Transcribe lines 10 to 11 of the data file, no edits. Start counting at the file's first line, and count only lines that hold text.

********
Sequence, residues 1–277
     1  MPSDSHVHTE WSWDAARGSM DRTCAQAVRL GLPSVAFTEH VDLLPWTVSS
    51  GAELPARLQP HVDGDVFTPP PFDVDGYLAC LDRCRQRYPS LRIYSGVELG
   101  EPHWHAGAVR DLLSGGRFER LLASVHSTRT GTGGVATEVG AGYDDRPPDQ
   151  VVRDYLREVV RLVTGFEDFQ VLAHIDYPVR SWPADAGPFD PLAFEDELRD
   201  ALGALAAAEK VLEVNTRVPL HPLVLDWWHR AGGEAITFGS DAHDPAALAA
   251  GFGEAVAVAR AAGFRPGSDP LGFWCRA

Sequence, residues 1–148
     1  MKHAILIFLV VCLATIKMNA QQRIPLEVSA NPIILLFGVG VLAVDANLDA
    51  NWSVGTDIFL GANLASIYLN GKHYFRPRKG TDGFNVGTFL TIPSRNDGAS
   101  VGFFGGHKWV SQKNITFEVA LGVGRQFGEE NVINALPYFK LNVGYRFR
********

    51  NWSVGTDIFL GANLASIYLN GKHYFRPRKG TDGFNVGTFL TIPSRNDGAS
   101  VGFFGGHKWV SQKNITFEVA LGVGRQFGEE NVINALPYFK LNVGYRFR